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The Possibility of Evil - Analysis

The Possibility of Evil

Sharon Nam

on 28 February 2014

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Transcript of The Possibility of Evil - Analysis

Takes place on Pleasant Street on a sunny day.
Miss Strangeworth’s house has a garden of roses.
This story most likely took place around the 1950's. There’s a friendly atmosphere, but it was also quite mysterious.
Miss Strangeworth walks to the grocery store and has seemingly friendly chats with the other citizens of the town.
Initial Incident
After retrieving some information from her conversations, she went home and started to write anonymous, harsh letters to Don Crane, Mrs. Harper, and Mrs. Foster. These letters contained secrets about each of their lives.
Rising Action
As it was getting dark, she sneakily made her way to the post office to deliver the letters. She heard Harris and Linda chatting in the shadows, and decided to eavesdrop on their conversation.
Not being careful, Miss Strangeworth dropped one of her letters on the ground.
Harrison and Linda come across the letter on the ground addressed to Don Crane. Harris tried to return it by calling Miss Strangeworth’s name, but decided to deliver it instead, to help Miss Strangeworth.
Falling Action
Miss Strangeworth received a letter. It was one of her own letters that had been returned to her.
The letter that was returned was previously addressed to Don Crane. It read, “Look out at what used to be your roses.”
She looked out to see that her roses were destroyed.
The Possibility of Evil
Shirley Jackson

Hien Tran, Sharon Nam, Gabby Campos, Diana Dona, Samentha Maraweera & Christie Wong
Foreshadowing starts with the title of the story. It makes the reader assume there is going to be some sort of evil in the story.
The main character’s name is also a form of foreshadowing.
When Miss Strangeworth drops the letter and Harrison picks it up, it can foreshadow that people are going to find out who has sent the anonymous letters around town.
In this short story, suspense is built through foreshadowing.
There is much suspense when Miss Strangeworth drops the letter. This can lead us to believe that something negative may happen.

Man Vs Self
Miss Strangeworth risked her reputation as the innocent, sweet lady. If she were to be found out, the citizens would lose respect for her and perhaps seek revenge. Unfortunately for her, revenge was sought out by means of having her roses destroyed.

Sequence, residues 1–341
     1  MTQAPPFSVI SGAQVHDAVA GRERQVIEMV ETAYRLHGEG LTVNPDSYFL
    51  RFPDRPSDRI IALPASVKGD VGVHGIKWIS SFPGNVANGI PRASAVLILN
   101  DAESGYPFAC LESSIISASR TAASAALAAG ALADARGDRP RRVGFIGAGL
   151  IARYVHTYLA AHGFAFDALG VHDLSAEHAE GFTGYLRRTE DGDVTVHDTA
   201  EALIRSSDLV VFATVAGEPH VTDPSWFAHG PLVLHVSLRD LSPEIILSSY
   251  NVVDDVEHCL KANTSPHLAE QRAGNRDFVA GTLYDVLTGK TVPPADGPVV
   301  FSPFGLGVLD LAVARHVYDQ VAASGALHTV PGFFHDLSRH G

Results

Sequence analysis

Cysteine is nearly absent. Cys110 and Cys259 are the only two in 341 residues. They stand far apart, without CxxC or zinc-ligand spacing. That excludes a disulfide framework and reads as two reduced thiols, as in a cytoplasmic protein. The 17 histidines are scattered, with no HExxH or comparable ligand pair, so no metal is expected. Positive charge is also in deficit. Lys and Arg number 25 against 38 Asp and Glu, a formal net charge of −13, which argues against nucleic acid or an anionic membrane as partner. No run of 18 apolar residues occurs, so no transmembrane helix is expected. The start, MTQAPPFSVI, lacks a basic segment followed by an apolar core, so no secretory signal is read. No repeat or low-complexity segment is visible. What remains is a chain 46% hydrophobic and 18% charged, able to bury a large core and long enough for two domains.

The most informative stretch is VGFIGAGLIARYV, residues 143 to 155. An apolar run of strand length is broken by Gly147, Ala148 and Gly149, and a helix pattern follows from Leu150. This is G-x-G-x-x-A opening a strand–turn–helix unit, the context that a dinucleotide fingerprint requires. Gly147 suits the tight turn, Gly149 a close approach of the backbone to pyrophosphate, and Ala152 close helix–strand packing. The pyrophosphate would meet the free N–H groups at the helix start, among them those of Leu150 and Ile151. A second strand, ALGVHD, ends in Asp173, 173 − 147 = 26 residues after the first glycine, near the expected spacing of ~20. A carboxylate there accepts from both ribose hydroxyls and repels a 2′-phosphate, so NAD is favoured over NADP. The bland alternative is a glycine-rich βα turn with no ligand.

Man Vs Society
Miss Strangeworth sees herself as “the one” who keeps the town clean. She believes that she lives in a society where there is evil. She thinks it’s her job to warn others, to keep evil from spreading. Thus, she sends anonymous letters, trying to warn people of certain things.
The main character in this short story.
Round and static character.
We know a lot about her through direct and indirect characterization.
She is a very realistic character.
She seems like a sweet lady, but she is actually a very cold-hearted person.
78 years old and she knew everyone in town.
The name “Strangeworth” can demonstrate that the character is unordinary.
She felt that she had some sort of superiority over the people in town. She saw herself as high and mighty.
1) Things are not always as they seem/looks can
be deceiving
2) There is a bad moral to every good moral/ Sometimes
with good intentions come evil acts
3) Pride
The theme statement for this short story is; things are not always as they seem.
Miss Strangeworth looked like a innocent lady and everyone in town loved her, but looks can be deceiving.
Underneath all the sweet mask however, was a dark secret.
The setting also supports the theme

Author Biography
Shirley Jackson

Shirley Jackson was born on December 14, 1919 in San Francisco.
Jackson grew up in Burlingame, California and later moved East with her family
After a year, Jackson attended Syracuse University and received her bachelors degree.
She met her husband while working on the school newspaper and they had 4 kids together.
The story that made Jackson the centre of attention was “The Lottery” which was published in 1948 in The New Yorker.
She died at the age of 49 from heart failure. After her death, her husband published many of her novels, including The Possibility of Evil.
Jackson is known as a successful writer of her time, received many awards such as “One of Time’s Ten Best Novels of 1962.”

The story presumably occurs in the 1950s

The story takes places in a small town
Despite the friendly atmosphere of the town, at the same time, anxiety, tension and suspense fill the air.

Symbols and Motifs

When the roses were cut it was as if you were looking beyond the rose’s beauty and seeing it for its thorns (its flaws).
They are related to Ms. Strangeworth’s personality since her outside demeanor can be compared to the beauty of the roses while her thoughts and ways of thinking could be compared to the thorns.
As well, the roses symbolize her family lineage and ancestry. The roses has been tended to by the women in her family for generations. They can be seen as a sort of legacy
Ms. Strangeworth’s house - beautiful and serene but unpredictably evil on the inside since that is where all the rumors and gossip are written on the letters.
“Pleasant Street” - The tourists would see the town as “pleasant” especially after meeting Ms. Strangeworth and her beautiful roses but as we can see from Ms. Strangeworth’s perspective that the town is more than what it appears to be.
The name of the main character tends to be quite ironic since the word strange suggests something unusual and the word worth is defined as good or important enough to justify.
Point of View
This short story is written in third person, omniscient
Full transcript